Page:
A legal separation is different from a divorce, or a dissolution of marriage, in that it does not terminate the marriage. The spouses live independently of each other, but they still retain the status of married persons. Legal separation does not have the residency requirement of divorce in California, where a party must have resided in California for six-months prior to filing for divorce.
A divorce is referred to as a dissolution of marriage in Family Law court. In California, there is a six-month waiting period. A final judgment of dissolution of marriage, or divorce, does not become valid until at least six months after the initial petition is served upon the respondent.
The party who commences the action is called the Petitioner and the party who is served with the action is called the Respondent.
Automatic Temporary Restraining Orders (ATROs) take effect at the commencement of a dissolution, legal separation or annulment. The ATROs are in effect for the Petitioner upon filing the Petition and the issuance of the Summons. The ATROs take effect on the Respondent upon the service of the petition and the summons upon the Respondent. The ATROs may be found on the back of the summons. The parties are restrained from transferring or disposing of property and from transferring income, whether the property is community property, quasi community property or separate property without the other party's consent or a court order.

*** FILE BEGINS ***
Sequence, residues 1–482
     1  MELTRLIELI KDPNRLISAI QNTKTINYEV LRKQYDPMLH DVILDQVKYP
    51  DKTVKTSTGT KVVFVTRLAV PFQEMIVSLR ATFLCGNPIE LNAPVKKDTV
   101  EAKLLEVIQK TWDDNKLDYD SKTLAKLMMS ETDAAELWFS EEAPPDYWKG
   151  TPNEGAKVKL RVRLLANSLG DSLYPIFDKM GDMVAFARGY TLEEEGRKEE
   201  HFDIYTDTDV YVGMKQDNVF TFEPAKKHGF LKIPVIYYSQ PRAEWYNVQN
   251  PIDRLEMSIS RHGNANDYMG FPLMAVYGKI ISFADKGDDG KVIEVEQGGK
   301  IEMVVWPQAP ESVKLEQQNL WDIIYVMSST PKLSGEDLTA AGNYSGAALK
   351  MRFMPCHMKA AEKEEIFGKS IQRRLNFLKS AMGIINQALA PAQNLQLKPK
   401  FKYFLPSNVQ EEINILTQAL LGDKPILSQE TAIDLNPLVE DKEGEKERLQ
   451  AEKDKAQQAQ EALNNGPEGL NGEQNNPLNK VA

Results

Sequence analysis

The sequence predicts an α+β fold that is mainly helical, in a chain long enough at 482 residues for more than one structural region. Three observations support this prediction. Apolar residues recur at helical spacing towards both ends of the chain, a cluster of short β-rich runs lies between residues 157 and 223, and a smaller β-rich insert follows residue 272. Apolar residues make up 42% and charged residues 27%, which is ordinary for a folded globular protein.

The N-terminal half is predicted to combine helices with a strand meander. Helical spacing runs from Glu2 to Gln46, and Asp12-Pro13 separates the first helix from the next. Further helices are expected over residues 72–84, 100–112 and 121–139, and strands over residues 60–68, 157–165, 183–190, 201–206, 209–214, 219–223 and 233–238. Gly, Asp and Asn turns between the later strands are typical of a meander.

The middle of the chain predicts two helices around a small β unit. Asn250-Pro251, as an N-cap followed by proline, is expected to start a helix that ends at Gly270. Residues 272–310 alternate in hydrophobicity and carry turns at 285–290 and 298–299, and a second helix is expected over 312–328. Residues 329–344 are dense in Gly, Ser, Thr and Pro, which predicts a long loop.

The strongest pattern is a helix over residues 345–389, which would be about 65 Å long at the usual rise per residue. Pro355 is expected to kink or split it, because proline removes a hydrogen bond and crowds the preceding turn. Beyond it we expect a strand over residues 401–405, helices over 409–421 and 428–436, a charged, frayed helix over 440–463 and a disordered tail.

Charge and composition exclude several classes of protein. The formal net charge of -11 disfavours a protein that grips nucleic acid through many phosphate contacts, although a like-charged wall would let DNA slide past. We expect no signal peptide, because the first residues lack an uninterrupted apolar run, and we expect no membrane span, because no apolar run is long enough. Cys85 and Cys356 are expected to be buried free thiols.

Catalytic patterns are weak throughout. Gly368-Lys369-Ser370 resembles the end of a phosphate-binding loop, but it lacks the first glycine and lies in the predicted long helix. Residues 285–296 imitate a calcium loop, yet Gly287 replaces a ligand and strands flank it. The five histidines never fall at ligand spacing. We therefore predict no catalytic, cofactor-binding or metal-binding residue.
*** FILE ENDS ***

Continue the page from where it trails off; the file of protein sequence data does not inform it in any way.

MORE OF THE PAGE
Fault and No-fault Divorce
A marriage dissolution, in California, can be obtained on grounds of irreconcilable differences. A dissolution of marriage sought on the grounds of irreconcilable differences is more commonly known as a no-fault divorce. The grounds of irreconcilable differences represents the actual reasons underlying a marital breakdown. Where a dissolution of marriage is sought on grounds of irreconcilable differences, the actual reasons for the marital breakdown is made irrelevant, along with questions of fault or misconduct, on the part of either party.
A contested case is a court proceeding that is opposed, or where there is opposition by the other party, or an interested person in the matter. A contested divorce is one in which the parties do not agree on all of the issues. In a contested divorce, the parties may not agree on who gets the property, how the property should be split, who pays support, and the amount of money for spousal support and child support, who the children should live with, who should get custody of the children, and how often each party should get to visit with and see the children, who should pay, or how much each party should pay for attorneys fees.
A contested case may involve the issuance of a subpoena. A subpoena is an order to appear and/or produce evidence at a court trial or hearing. A person who fails to appear in accordance with the subpoena may be subject to fine pursuant California Code of Civil Procedure section 1992. The court may issue a bench warrant for the witness who disobeyed a subpoena and failed to appear for a hearing, pursuant to California Code of Civil Procedure section 1993.
Collaborative is a different, non-adversarial approach to divorce. It has been developed out of an understanding of the typical stress, uncertainty and fear associated with divorce. Collaborative divorce addresses the impact of divorce on the personal health and financial matters of the parties and their families. A team of Collaborative professionals comprised of attorneys, mental health professionals and financial professionals work together to guide the parties to a mutually agreeable divorce settlement. An important distinction in the Collaborative Divorce process is that the courts are never involved until the parties, with their team have produced and reduced to writing the divorce settlement that will become the final divorce decree.